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Parks in Council District 8

The Los Angeles City Council would have a tough time functioning with 15 members like Bernard C. Parks. But it needs at least one. Parks combines independence, strength and acuity, a rare combination on a council where many members prefer to wish away the city’s problems. The Times endorses Parks for reelection.

That is not to denigrate his principal opponent in the District 8 race. Forescee Hogan-Rowles, who runs a nonprofit, is smart and civic-minded. She understands finance and has served on the board that oversees the city’s Department of Water and Power, giving her insight into the government and how it operates. She is a credible candidate and deserves to be taken seriously by voters.

But even though Hogan-Rowles is running as an outsider, she would add to the council’s status quo. She is backed heavily in this campaign by organized labor, which is making hundreds of thousands of dollars in independent expenditures to defeat Parks. No wonder, given that Parks has been sounding the alarm regarding the city’s workforce — its “addiction,” as he puts it, to personnel. Combined with the downturn in the economy, the city’s propensity to add positions in good times and protect them in bad has created a staggering financial crisis: The city projects a shortfall of more than $350 million next year. Parks, almost alone among his colleagues, has forthrightly argued that significant cutbacks in the workforce are necessary to resolve the city’s difficulties (and even that will take time, as pension and healthcare obligations to retirees will persist for years). Parks may not be right in all his prescriptions, but at least he focuses his colleagues’ attention.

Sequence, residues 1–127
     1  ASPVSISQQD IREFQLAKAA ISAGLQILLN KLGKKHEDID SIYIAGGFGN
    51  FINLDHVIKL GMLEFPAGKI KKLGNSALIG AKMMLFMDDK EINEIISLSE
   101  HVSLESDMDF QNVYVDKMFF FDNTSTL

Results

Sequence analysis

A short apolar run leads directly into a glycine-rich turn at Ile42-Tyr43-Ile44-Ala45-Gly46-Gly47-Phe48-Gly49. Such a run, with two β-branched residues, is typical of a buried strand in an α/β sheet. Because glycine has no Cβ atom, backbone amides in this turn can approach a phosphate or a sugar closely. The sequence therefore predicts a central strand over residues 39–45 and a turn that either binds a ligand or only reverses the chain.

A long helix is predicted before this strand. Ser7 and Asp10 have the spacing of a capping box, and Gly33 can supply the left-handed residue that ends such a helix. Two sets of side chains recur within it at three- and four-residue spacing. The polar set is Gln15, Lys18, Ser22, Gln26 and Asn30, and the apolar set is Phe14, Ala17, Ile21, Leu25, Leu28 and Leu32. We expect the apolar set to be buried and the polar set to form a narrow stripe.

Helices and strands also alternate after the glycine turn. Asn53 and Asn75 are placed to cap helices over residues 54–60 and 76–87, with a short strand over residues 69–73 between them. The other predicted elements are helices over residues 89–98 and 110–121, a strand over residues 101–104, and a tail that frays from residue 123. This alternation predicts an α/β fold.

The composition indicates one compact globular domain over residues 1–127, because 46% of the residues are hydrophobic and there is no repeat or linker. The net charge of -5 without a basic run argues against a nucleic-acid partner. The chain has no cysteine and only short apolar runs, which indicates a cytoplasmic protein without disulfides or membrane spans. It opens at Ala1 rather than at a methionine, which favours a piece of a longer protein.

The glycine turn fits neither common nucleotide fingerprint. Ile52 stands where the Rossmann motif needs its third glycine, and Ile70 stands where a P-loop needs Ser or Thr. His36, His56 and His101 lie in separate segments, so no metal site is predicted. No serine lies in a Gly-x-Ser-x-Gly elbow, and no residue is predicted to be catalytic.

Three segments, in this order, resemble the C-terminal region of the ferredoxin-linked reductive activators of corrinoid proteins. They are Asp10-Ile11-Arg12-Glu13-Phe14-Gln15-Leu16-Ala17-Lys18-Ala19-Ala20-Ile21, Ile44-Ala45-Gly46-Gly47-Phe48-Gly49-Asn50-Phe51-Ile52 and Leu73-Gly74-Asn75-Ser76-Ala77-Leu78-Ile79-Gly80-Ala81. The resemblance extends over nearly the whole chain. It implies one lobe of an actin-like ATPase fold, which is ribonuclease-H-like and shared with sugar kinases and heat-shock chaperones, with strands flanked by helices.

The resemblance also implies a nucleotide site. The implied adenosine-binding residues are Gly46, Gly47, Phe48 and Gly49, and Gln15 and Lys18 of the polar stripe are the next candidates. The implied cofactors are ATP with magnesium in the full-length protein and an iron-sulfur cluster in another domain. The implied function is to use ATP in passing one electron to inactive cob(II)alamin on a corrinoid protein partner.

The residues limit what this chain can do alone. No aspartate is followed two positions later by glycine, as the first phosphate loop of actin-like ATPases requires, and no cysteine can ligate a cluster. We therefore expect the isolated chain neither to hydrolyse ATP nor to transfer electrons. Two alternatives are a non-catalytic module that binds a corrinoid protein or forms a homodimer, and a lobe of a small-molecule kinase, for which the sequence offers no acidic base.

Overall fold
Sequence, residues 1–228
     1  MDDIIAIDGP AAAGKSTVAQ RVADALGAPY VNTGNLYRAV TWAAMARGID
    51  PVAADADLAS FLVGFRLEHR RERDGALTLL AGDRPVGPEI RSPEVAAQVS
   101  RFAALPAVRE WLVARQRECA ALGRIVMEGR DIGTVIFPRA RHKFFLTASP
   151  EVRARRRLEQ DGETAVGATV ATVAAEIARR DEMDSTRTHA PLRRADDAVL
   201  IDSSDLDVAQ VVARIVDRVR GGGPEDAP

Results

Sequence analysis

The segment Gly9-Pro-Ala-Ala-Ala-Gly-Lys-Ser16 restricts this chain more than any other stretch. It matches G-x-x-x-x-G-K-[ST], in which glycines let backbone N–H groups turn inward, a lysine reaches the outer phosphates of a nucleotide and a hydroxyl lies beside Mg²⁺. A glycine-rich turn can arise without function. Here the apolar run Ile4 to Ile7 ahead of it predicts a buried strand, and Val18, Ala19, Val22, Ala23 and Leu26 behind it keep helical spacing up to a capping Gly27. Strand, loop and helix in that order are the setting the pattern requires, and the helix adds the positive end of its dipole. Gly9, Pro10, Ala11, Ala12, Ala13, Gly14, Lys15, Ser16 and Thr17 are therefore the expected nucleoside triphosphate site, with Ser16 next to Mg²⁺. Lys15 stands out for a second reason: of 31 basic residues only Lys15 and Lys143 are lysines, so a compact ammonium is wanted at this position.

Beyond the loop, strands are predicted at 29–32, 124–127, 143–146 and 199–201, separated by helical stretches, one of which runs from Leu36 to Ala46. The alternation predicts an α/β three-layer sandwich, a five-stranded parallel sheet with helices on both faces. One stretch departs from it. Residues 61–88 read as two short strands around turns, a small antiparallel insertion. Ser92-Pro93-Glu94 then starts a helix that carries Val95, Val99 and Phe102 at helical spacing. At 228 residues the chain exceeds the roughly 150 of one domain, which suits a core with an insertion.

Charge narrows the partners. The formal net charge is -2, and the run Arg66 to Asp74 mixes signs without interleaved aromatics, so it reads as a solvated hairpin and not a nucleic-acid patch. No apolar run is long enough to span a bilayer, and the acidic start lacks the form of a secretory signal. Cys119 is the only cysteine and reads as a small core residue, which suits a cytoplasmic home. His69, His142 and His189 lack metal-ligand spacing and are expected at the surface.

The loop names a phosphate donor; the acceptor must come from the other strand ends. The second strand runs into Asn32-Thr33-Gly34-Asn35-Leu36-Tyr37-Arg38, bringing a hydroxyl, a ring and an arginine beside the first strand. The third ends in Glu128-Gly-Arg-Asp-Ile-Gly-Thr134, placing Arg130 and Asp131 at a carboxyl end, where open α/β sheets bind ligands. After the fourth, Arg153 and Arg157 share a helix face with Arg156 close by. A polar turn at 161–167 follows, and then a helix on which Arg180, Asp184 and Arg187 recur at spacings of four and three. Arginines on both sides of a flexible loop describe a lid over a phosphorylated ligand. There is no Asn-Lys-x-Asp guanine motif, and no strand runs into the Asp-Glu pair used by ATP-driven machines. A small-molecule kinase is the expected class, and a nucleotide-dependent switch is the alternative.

Hogan-Rowles offers no real plan to address any of that, beyond bringing competing interests together in the hope that good intentions will suffice. Her promise not to balance the budget “on the backs of workers” should be regarded as worrisome evidence of her allegiance to those underwriting her quest for office, not as a solution to the city’s difficulties.

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The race’s third candidate, Jabari Jumaane, is a firefighter with an admirable interest in civic affairs, but he is no match for Hogan-Rowles, much less Parks.

We do not agree with Parks on everything. He is, for instance, a persistent critic of the buildup of the police force, while we have regarded that as instrumental in the city’s historic crime reduction. Moreover, Parks can be imperious; if there’s a public official in this region less willing to suffer a fool, we’ve yet to meet him. But he has experience few can match, including five years as chief of the Police Department and two terms on the council, and a refreshing willingness to challenge the conventions of City Hall.


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